by S. John Ross
Player: "Do I know of any dealers of antique weapons in town?"
GM: "Do you have Area Knowledge for the city?"
Player: "No, but I have it for the county, at 16!"
GM: "Hmm. Yes, but you learned that in your native 1931, and this is 1986."
Player: "Do I even have a chance?"
The answer can be tricky. As GM, you want to be fair in allowing players to use the skills that they assign their characters. But too much kindness can upset realism and destroy the credibility of the scenario or GM.
When a character makes an Area Knowledge roll about an area not exactly covered by his skill, it's up to the GM whether there is any chance that the roll will succeed. If the GM feels it's ridiculous, he need not allow any roll at all. But if the GM thinks there's a chance that Area Knowledge might spill over to cover the new area, he may allow a roll, with three types of penalty. These are Distance, Time and Area Class.
Distance is already covered in the Basic Set. For an area far from the character's "stomping grounds," use the long-distance modifiers on p. B151.
Time will usually come into play only in a Time Travel campaign, or if someone has been away from home for a long time.
Use the long-distance modifiers once again, substituting years for miles. For each difference of tech level, double the time modifier (2 TLs difference would be ×4, etc.). This is because societies change drastically on all levels when technology increases. A town in the biblical era could go for a hundred years and change very little in layout or culture. But look at how much your own town has changed in the last 50 years alone!
Area Class can become important in a campaign that involves a lot of world travel (or solar system travel, galaxy travel, and so on).
Area Class is a new phrase to describe something already in the book. These are the italic headings describing the size of the area covered (city, kingdom, planet, et al). We assume that one area is contained within the other; e.g., someone with knowledge of Kansas is asking about the United States, or vice versa.
When a character is familiar with a larger area and wants information about a smaller area within it, the penalty is -2 for one class of difference, -4 for two, -8 for three, and so on, doubling each time.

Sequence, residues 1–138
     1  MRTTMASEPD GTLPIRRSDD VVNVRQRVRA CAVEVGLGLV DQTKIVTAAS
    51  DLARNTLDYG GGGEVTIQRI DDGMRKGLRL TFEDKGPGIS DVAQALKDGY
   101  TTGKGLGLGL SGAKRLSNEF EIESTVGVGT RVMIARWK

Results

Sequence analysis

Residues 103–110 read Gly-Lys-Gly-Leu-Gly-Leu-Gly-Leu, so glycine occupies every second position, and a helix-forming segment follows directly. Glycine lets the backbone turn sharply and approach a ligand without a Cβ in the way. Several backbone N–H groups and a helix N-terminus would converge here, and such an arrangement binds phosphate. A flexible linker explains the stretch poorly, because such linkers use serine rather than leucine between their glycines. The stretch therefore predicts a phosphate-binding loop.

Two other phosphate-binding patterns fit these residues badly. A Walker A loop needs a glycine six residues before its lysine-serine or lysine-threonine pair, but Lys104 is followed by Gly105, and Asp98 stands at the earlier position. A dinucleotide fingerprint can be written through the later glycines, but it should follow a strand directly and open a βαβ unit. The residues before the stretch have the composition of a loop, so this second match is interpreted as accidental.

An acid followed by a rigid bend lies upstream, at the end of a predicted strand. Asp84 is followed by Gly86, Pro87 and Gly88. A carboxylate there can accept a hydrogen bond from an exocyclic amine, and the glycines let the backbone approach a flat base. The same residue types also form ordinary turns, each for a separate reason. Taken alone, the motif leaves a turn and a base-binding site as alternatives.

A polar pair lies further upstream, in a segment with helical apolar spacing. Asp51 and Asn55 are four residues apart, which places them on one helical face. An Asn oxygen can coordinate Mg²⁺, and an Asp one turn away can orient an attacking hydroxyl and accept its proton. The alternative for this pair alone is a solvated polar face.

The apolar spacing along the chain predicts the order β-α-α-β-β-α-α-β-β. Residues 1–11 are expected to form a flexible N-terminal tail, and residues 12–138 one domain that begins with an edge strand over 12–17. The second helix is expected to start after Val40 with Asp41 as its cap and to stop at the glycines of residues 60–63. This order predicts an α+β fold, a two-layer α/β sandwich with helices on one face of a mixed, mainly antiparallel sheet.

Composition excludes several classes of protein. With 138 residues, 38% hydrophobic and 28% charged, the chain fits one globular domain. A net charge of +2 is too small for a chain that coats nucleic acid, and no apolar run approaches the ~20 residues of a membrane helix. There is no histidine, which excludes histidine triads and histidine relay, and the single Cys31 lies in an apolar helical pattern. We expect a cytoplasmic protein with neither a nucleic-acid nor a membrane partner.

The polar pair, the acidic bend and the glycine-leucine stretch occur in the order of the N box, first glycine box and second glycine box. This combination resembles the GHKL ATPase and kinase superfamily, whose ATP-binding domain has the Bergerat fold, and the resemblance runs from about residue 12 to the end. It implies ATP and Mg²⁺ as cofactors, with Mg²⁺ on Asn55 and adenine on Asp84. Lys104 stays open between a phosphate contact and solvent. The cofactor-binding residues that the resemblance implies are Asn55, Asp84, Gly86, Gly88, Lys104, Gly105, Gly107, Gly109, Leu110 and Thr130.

When a character is familiar with a smaller area and wants information about the larger area containing it, the most appropriate solution will usually be to use the long-distance penalties described above. However, questions having to do with the entire large area use a flat -2 per difference in levels. Thus, a character with Area Knowledge (Planet Earth) would be at a -8 – three classes of difference – to know the mayor of Los Angeles. However, someone with Area Knowledge (Los Angeles) would be at -4 to know the location of Mount Rushmore. The same person would be at -10 to know the location of the Library of Congress in Washington, D.C.; the Library of Congress has more to do with Washington than with the United States as a whole, and it's more appropriate to resolve the question by considering distance.
Returning to the example in the first paragraph: yes, there's a chance to find that antique weapon shop, but the penalty is -12. The long-distance modifiers are insignificant. The modifier for years is -5, doubled for crossing tech levels (6 to 7). Added to this is the -2 modifier for class difference, for a total of -12. The average expert on the area might not have a chance, but the PC in question is very skilled, and can succeed on a critical success. "You remember a gunsmith who collected antiques. He had five sons, and one of them might have taken over his business. Do you want to give it a try?"
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